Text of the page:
The abortion activist who bragged about her abortion at the Democratic Convention where Hillary Clinton was nominated won’t run to become the chair of the Democratic Party after all.
NARAL president Ilyse Hogue spoke to the Democratic national convention bragged about the abortion she had. During her convention speech, Hogue claimed the abortion was the “best decision” for her — ignoring whether it was in the best interests of her unborn child to take his or her life. Hogue eventually called the decision a “compassionate” one.
She had considered replacing pro-abortion Rep. Debbie Wasserman-Schultz as the DNC chair but today announced she will not run. Despite her decision it is almost certain that the next chair will be a steadfast abortion supporter.
“I believe we need not just a strong party and party leader, but also equally strong leadership outside the party structure,” Hogue wrote in a Medium post explaining her decision. “So while we’ll look to a new DNC Chair to rebuild the concert hall, we will need lots of leadership from outside the party to help write and perform the music.”
Hogue’s decision leaves the DNC field at five candidates, four of whom are men, and none of whom come from an activist organization. As of Wednesday morning, Rep. Keith Ellison (D-Minn.) and Labor Secretary Thomas Perez were seen as the most competitive candidates for the job, trading off endorsements and high-profile interviews. They’re joined by New Hampshire Democratic Party Chairman Ray Buckley, South Carolina Democratic Party Chairman Jaime Harrison and Idaho Democratic Party Executive Director Sally Boynton Brown.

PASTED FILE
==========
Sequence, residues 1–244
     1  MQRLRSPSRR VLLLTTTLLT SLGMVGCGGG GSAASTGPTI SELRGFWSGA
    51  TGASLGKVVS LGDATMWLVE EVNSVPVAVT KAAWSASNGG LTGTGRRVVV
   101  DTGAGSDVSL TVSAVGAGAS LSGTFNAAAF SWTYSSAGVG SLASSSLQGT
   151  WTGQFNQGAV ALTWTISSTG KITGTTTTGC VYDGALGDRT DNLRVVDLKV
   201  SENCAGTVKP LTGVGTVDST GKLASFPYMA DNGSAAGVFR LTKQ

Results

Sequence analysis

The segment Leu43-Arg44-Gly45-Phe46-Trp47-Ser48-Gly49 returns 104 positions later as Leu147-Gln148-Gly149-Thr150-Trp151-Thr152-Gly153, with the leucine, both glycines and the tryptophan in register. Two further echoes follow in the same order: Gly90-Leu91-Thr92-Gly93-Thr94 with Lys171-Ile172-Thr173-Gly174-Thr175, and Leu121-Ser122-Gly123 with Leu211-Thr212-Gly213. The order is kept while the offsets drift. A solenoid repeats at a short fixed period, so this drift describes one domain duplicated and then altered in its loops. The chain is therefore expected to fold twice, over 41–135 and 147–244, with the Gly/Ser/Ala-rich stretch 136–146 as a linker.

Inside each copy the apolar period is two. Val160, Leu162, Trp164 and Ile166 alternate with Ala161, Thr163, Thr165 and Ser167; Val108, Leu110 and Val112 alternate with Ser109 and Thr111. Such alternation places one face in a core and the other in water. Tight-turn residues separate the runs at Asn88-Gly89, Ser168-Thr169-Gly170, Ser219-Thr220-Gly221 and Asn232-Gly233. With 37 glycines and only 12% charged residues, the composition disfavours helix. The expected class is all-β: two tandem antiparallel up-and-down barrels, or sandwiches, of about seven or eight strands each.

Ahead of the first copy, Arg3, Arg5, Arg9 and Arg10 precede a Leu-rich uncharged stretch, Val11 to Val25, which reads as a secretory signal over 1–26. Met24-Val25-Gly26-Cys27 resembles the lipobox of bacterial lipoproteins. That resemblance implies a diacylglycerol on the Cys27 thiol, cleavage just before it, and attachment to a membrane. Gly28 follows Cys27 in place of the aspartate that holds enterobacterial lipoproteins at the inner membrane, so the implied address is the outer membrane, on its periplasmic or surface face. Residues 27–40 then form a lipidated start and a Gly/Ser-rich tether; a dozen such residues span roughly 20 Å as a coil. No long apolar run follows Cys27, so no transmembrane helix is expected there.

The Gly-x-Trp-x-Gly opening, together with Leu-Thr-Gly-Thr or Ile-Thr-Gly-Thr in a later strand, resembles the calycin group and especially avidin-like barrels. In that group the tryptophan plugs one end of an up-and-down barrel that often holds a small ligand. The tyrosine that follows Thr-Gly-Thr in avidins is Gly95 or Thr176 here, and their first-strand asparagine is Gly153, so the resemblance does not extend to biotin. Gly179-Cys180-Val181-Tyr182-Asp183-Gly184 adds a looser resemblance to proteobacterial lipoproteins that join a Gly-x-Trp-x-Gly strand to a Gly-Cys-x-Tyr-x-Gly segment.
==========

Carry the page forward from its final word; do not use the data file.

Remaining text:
Last week, Pete Buttigieg, the mayor of South Bend, Ind., passed on the race after flirting with a “flyover country” bid.
As a member of the DNC’s platform committee in 2016, Hogue succeeded in getting the party on record, for the first time, in opposition to the Hyde Amendment, language passed by every Congress that prohibits public funding for abortions. At the party’s convention in Philadelphia, Hogue herself discussed the abortion she’d had before starting a family — the first time anyone had told such a story from the stage.
“I made the decision that was best for me — to have an abortion, and get compassionate care at a clinic in my own community,” she said. “… We are the same women at different times in our lives — each making decisions that are best for us.”
In her Medium post, Hogue did not endorse any of the five current DNC candidates. She did use language similar to Sen. Bernie Sanders (I-Vt.), an early and key Ellison endorser, about how the party should reform.
“If we are to be the peoples’ party, we should double down on processes that encourage participation,” Hogue said. “It certainly worked for the platform. Our participatory process resulted in robust — and yes, sometimes acrimonious — debate. As a platform committee member, I couldn’t have been more proud of the result: the most progressive and inclusive values statement ever for the Democratic Party. I expect the one four years from now to be even more so.”